The founders of the popular Lonely Planet travel guides deliver a lively autobiography that is as interesting, informative and amusing as their series itself. After meeting cute in 1970 on Belfast-native Maureen's first week in London, the couple went off on a planned one-year trip through the Far East that ended up with them stranded penniless in Australia, where they decided to publish a short travel guide on Asia that became the basis of their now multinational company. This look back at their almost 40-year career divides neatly into thirds, with the first energetically covering their various travels while they get their business off the ground, such as "incidents in Turkey that began ambiguously and ended with gratuitous acts of kindness"; the second frankly detailing why their early and "often fairly shoddy productions" became popular because they "were still better than anything else around"; and the third refreshingly discussing their current business ventures. Their chapter "All About Guidebooks" serves as an excellent short look at the history and the current state of the travel book market, and they convincingly argue that guidebooks such as theirs have not wrecked once-mysterious locations. (May)
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"... a lively autobiography that is as interesting, informative and amusing as their series itself. ...This look back at their almost 40-year career divides neatly into thirds, with the first energetically covering their various travels while they get their business off the ground; ...the second frankly detailing why their early and "often fairly shoddy productions" became popular because they "were still better than anything else around"; and the third refreshingly discussing their current business ventures."—Publishers Weekly
"As spirited and engagingly human as the books that have taught us how and why and where to travel, Tony and Maureen Wheeler's story describes a miracle (from 27 cents to a multi-million dollar empire) that is in its way as inspiring and wondrous as the temples of Pagan or Easter Island's statues. Whether penniless backpackers or heads of a global company, Tony and Maureen somehow always exemplify the very best kind of travelers' enthusiasm and curiosity."—Pico Iyer
"Tony Wheeler, who often sleeps with a laptop stowed under his bed, does the majority of the writing, while Maureen offers welcome sidebars filled with her thoughts about a given situation. Neither shies away from writing about the strain running a company and constant traveling had on their marriage, which at times was rocky or the demands put on the lives of their two children, Tashi and Kieran, who just want to be normal teenagers and hang out with their friends instead of traveling the world."—Chicago Sun-Times
"...the Wheelers include everything from amusing anecdotes, to the struggle for finding the perfect "cliche, but not a cliche" cover photo for their books. The result is a fascinating business success story and the tale of a maturing relationship."—ForeWord Magazine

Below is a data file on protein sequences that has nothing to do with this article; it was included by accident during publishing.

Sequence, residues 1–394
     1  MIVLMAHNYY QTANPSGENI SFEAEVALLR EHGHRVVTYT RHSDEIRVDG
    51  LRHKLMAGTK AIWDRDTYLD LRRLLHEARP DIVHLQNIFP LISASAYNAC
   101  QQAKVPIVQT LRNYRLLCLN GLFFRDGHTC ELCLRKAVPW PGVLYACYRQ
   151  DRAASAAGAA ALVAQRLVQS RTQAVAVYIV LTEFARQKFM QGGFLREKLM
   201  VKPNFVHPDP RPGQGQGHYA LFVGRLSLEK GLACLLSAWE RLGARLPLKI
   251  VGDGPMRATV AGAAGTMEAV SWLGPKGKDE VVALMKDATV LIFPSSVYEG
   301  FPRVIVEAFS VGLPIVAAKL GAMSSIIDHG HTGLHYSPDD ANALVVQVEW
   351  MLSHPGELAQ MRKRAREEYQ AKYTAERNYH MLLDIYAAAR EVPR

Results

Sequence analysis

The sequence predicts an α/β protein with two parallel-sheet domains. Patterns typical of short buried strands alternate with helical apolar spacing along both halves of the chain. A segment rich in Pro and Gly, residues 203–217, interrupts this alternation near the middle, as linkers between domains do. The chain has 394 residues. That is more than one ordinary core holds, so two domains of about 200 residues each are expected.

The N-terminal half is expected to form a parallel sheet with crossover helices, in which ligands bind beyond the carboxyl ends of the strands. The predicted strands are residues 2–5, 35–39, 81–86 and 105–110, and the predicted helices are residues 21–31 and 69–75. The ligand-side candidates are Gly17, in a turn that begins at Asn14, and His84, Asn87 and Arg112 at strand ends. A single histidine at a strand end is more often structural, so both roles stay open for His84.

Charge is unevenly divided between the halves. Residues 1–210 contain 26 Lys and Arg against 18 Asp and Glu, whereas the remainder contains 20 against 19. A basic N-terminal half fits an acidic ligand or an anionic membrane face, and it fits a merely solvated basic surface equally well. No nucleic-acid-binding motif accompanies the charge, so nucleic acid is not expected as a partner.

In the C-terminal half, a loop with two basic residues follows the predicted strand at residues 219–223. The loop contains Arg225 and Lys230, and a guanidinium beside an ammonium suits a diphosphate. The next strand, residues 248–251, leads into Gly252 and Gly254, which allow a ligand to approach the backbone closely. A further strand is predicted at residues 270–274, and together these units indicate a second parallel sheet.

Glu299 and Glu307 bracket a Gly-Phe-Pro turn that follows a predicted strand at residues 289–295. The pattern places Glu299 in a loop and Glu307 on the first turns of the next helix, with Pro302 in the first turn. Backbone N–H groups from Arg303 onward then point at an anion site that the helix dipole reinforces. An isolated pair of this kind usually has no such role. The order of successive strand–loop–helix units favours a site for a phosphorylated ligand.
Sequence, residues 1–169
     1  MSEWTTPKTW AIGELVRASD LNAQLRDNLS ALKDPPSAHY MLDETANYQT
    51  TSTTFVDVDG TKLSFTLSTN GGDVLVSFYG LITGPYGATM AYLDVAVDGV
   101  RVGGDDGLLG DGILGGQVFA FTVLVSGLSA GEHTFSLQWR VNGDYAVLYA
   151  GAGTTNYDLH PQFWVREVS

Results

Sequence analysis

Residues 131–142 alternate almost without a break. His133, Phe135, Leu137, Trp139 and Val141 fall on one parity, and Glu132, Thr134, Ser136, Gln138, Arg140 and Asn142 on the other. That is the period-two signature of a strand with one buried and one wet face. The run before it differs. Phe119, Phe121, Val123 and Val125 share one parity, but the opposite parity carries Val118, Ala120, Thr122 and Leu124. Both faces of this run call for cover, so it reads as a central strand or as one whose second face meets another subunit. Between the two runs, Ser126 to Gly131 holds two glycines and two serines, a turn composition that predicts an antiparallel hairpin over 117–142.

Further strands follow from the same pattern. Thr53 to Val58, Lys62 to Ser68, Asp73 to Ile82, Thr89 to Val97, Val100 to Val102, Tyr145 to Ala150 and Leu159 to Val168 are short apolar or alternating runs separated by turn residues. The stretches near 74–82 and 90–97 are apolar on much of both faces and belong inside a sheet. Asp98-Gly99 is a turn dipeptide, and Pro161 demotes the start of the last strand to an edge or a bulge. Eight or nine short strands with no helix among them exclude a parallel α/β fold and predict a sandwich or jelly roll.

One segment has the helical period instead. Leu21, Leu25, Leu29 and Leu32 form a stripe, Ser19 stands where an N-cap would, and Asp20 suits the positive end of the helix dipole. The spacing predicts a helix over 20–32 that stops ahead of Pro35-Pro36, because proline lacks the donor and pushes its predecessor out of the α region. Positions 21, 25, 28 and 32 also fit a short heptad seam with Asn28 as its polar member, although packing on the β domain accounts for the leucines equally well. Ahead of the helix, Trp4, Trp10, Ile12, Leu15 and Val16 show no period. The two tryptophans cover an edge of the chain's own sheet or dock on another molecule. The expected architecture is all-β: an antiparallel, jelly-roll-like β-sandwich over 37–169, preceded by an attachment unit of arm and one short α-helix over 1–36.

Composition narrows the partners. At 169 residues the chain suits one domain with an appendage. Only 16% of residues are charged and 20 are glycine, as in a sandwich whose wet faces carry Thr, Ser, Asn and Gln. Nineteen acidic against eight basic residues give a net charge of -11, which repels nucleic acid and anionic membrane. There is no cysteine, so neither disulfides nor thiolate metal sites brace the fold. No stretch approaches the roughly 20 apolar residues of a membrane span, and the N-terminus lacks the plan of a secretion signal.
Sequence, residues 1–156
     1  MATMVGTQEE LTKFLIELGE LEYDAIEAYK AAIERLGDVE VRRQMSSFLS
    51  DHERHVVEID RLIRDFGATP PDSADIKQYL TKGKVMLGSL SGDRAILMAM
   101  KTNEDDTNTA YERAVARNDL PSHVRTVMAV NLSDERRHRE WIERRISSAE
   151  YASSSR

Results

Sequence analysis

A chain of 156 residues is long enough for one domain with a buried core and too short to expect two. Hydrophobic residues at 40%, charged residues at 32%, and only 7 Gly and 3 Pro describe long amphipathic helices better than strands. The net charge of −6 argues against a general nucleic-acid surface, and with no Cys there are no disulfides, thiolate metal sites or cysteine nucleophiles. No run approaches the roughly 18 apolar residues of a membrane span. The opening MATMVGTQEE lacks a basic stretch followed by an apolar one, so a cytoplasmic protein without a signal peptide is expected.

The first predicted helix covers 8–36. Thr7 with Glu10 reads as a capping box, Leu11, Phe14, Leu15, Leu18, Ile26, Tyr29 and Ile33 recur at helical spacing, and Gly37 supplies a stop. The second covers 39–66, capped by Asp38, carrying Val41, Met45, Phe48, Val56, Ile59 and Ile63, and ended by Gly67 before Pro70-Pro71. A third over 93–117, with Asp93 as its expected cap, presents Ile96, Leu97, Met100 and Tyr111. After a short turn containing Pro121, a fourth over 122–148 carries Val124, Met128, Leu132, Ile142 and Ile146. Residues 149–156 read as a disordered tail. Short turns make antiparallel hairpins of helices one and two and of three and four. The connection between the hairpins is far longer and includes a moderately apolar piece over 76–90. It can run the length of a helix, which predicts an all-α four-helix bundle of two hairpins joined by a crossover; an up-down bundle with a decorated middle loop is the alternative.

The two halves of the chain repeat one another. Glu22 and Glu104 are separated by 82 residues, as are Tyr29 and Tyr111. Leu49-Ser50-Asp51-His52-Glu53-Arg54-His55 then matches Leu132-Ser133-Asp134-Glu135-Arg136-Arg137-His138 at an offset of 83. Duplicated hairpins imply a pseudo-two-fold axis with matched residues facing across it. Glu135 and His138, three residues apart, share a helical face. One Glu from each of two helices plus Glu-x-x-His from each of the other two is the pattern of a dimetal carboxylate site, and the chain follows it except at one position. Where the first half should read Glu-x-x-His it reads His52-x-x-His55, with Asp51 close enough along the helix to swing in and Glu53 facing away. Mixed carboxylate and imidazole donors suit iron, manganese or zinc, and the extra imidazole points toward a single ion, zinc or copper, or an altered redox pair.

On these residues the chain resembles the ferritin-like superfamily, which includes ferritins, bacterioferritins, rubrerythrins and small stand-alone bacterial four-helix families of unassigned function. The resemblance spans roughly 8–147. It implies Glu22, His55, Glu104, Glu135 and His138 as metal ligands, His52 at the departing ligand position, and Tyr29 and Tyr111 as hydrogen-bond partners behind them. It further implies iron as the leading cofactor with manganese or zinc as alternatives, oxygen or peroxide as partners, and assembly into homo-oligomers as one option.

"A naive young couple sets off across Asia and, somehow, against tall odds, ends up managing a publishing empire that straddles the globe. Therein lies a story. And the story is intermittently funny, full of false stats, frustrations, mistakes and numerous exotic locales. I think this book is ultimately more inspiring than a whole shelf full of self-help screeds. Go ahead, start on page one and follow your bliss."—Tim Cahill
For such avid travelers, I expected an autobiography with many great adventures. It is instead a factual recount of everything they did in a very dry voice. Read morePublished 3 months ago by G#
This is the story of Wheller's exciting life but it got a little boring! I expected to read more about the unusual moments behind this family's world travels, which were at a time... Read morePublished 17 months ago by Cherri McGarvie
I just read this book and it seemed to be more about how to set up a publishing company and a business.
I expected a travel memoir, something funny/ mystical/ dramatic. Read more
When I first took a travel guide to Africa, it was a Rough Guide, as they appeared to be the market leader. Read morePublished 22 months ago by Etienne Jackson
Way too much info on the personal life and adventures of the founders of Lonely Planet Publications. Read morePublished on July 12, 2011 by JohnA37
It is hard to believe that writers actually produced this text. It is so poorly written, you'd think this was a long essay written by a high schooler. Read morePublished on January 2, 2011 by Nina N.
This book tells of Tony and Maureen's adventures over the years from when they married in England, to how they set up Lonely Planet in Australia and all many, many years of travel... Read morePublished on January 12, 2010 by Two Steps Far
I'm not actually a follower of Lonely Planet guide books. I picked this up from the travel essay section of the bookstore on a whim. I'm glad I did! Read morePublished on September 12, 2009 by SLR